102-year-old voter marks 18th presidential election

By ANDREW SCOTT  Pocono Record

EAST STROUDSBURG, Pa. — It was 1936, a presidential election year.

In June of that year, while campaigning for his second consecutive term in office, President Franklin Roosevelt named Mary McLeod Bethune the director of the National Youth Administration’s Council of Negro Affairs, making her the first black woman to receive a presidential appointment and the highest-ranking black official in his administration.

This news wasn’t lost on many African-Americans including 21-year-old Christine Adams of North Carolina.

Like many other poor Southerners, Adams had married and started a family at a young age, 15 in her case. A former slave’s granddaughter, she supported her family by doing domestic work in white homes.

Adams’ seventh-grade education gave her a limited understanding of who the president of the United States was and what his duties were, as well as the identity and job of the black woman he had appointed.

What mattered was the date of Aug. 20, 1936. This happened to be just 11 days after Jesse Owens, a black man from Cleveland, Ohio, won four gold medals in track and field at the Olympics in Berlin, Germany, disproving Nazi dictator Adolf Hitler’s concept of racial inferiority and giving many Americans a sense of national pride.

The date marked Adams’ 22nd birthday, making this the first presidential election in which she was legally old enough to vote. And she wanted to vote for Roosevelt.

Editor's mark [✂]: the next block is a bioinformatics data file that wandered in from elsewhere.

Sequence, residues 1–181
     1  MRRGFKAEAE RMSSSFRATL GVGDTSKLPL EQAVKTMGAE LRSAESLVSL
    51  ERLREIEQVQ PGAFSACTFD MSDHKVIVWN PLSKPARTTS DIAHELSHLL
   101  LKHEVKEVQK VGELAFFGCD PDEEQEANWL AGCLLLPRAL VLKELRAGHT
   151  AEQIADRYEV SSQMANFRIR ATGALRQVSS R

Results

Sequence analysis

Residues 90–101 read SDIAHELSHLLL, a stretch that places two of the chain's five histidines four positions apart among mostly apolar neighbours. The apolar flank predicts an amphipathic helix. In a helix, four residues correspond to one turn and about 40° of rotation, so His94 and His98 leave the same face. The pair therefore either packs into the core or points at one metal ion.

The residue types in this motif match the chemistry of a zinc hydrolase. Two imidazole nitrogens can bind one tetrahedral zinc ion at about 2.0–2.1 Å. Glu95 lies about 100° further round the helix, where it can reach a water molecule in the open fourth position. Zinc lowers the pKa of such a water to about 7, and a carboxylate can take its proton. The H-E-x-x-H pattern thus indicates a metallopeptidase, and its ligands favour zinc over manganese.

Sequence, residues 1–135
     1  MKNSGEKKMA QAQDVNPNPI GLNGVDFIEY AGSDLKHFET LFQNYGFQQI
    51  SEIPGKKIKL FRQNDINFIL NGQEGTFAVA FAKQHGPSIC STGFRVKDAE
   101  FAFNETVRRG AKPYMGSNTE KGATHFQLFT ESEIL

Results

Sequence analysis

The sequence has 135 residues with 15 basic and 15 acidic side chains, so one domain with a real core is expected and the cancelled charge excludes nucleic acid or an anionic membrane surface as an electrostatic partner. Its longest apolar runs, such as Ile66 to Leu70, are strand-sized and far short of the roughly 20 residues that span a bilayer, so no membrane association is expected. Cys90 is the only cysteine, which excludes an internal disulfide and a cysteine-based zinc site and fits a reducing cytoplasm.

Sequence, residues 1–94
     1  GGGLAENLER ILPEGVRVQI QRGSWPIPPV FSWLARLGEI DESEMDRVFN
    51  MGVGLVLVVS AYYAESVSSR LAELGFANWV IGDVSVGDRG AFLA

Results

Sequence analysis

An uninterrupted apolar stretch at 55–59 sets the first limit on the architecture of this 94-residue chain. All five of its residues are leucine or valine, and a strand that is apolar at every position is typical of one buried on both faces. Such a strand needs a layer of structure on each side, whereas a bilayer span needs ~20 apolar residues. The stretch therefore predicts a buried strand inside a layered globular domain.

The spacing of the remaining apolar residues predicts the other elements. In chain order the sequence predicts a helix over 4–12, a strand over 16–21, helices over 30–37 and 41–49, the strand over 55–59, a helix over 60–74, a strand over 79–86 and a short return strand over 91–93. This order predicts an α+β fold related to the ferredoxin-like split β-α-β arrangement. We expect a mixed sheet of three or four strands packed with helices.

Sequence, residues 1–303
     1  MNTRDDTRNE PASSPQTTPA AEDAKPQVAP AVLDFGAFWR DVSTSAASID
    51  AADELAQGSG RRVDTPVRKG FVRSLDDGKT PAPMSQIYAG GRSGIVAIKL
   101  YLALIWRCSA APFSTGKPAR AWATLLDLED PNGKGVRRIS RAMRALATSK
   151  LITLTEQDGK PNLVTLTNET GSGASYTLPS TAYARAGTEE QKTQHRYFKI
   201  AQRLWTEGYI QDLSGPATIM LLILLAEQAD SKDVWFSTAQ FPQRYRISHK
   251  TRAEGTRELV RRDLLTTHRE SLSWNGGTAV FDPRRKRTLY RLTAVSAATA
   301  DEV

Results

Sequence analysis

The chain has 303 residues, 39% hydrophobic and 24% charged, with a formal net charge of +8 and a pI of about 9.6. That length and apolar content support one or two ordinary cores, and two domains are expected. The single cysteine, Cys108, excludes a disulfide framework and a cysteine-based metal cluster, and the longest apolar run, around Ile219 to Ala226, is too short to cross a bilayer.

“He and his wife stood up for us black people,” said Adams, now 102, sitting in the living room of the Middle Smithfield Township home she has shared with her son, daughter and grandson for almost 23 years.

The 1936 election came 66 years after the passing of the Fifteenth Amendment, which banned federal and state governments from denying a citizen the right to vote based on race, color or previous condition of servitude. Yet, Adams and many other blacks in the South were denied the right to vote because they had no money to pay the poll tax.

This was one way of keeping blacks from the polls 30 years before civil rights legislation abolished such discriminatory practices. Other ways involved violence, terror and intimidation.

It wasn’t surprising, given the active racial segregation and inequality in a time when blacks accused of crimes were often lynched without being tried in courts of law to determine their guilt or innocence.

By age 11, Adams, had seen a black man almost burned alive and then beaten after being accused of stealing a soda.

While walking with friends one morning to the one-room schoolhouse where they were taught in those days, she saw another black man’s remains still lying on railroad tracks. Later, after her teacher told the children to forget what they had seen, she heard talk of whites having murdered the man.

“Those are two of the things I’ve seen that stay with me to this day,” Adams said in her southern drawl, slowly shaking her head.